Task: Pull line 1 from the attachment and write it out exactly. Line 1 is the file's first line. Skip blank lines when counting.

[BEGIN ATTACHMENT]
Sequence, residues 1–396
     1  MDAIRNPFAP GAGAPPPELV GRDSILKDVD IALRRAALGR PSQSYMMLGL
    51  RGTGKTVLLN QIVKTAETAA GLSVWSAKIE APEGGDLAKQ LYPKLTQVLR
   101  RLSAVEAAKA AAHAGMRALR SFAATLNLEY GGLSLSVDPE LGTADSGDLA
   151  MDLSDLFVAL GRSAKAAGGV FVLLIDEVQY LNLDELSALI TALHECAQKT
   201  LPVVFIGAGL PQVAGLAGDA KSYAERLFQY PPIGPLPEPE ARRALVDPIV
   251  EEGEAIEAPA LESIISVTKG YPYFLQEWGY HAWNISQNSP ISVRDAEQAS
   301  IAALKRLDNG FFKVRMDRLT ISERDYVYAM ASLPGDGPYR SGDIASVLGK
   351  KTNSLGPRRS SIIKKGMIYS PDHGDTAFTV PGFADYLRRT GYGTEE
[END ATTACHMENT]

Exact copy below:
Sequence, residues 1–396